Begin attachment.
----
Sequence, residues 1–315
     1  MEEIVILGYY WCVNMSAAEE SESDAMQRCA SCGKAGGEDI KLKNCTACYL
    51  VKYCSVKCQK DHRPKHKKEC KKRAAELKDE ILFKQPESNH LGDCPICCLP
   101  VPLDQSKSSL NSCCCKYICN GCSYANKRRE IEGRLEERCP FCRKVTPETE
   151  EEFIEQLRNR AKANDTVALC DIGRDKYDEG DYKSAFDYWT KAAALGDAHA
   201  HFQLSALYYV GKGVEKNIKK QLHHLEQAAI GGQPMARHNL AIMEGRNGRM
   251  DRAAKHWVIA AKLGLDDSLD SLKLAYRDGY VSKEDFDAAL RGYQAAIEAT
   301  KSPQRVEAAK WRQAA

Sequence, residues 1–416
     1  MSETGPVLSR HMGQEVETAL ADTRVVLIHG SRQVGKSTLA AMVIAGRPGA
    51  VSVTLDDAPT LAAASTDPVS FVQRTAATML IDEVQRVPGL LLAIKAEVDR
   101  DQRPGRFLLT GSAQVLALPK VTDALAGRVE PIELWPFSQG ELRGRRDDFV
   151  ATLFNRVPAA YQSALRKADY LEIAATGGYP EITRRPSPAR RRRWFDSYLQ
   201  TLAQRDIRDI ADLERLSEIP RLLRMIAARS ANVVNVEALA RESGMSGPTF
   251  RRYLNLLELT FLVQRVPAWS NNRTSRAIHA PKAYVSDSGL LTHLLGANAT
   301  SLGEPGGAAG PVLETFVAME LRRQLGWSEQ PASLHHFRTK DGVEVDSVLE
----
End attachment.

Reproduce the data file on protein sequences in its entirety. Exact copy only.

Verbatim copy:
Sequence, residues 1–315
     1  MEEIVILGYY WCVNMSAAEE SESDAMQRCA SCGKAGGEDI KLKNCTACYL
    51  VKYCSVKCQK DHRPKHKKEC KKRAAELKDE ILFKQPESNH LGDCPICCLP
   101  VPLDQSKSSL NSCCCKYICN GCSYANKRRE IEGRLEERCP FCRKVTPETE
   151  EEFIEQLRNR AKANDTVALC DIGRDKYDEG DYKSAFDYWT KAAALGDAHA
   201  HFQLSALYYV GKGVEKNIKK QLHHLEQAAI GGQPMARHNL AIMEGRNGRM
   251  DRAAKHWVIA AKLGLDDSLD SLKLAYRDGY VSKEDFDAAL RGYQAAIEAT
   301  KSPQRVEAAK WRQAA

Sequence, residues 1–416
     1  MSETGPVLSR HMGQEVETAL ADTRVVLIHG SRQVGKSTLA AMVIAGRPGA
    51  VSVTLDDAPT LAAASTDPVS FVQRTAATML IDEVQRVPGL LLAIKAEVDR
   101  DQRPGRFLLT GSAQVLALPK VTDALAGRVE PIELWPFSQG ELRGRRDDFV
   151  ATLFNRVPAA YQSALRKADY LEIAATGGYP EITRRPSPAR RRRWFDSYLQ
   201  TLAQRDIRDI ADLERLSEIP RLLRMIAARS ANVVNVEALA RESGMSGPTF
   251  RRYLNLLELT FLVQRVPAWS NNRTSRAIHA PKAYVSDSGL LTHLLGANAT
   301  SLGEPGGAAG PVLETFVAME LRRQLGWSEQ PASLHHFRTK DGVEVDSVLE